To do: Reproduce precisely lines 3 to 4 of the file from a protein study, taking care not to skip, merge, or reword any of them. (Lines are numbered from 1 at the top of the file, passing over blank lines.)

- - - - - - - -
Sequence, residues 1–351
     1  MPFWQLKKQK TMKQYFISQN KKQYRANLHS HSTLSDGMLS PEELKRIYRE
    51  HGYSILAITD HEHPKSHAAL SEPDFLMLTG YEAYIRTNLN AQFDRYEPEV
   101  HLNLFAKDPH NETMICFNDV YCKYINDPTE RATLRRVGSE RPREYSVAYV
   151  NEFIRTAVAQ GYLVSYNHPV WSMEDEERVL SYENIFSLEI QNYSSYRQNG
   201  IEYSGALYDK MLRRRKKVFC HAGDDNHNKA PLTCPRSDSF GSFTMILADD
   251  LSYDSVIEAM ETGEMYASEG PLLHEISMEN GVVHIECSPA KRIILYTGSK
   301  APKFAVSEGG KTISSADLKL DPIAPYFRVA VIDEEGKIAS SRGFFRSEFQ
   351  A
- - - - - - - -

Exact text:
    51  HGYSILAITD HEHPKSHAAL SEPDFLMLTG YEAYIRTNLN AQFDRYEPEV
   101  HLNLFAKDPH NETMICFNDV YCKYINDPTE RATLRRVGSE RPREYSVAYV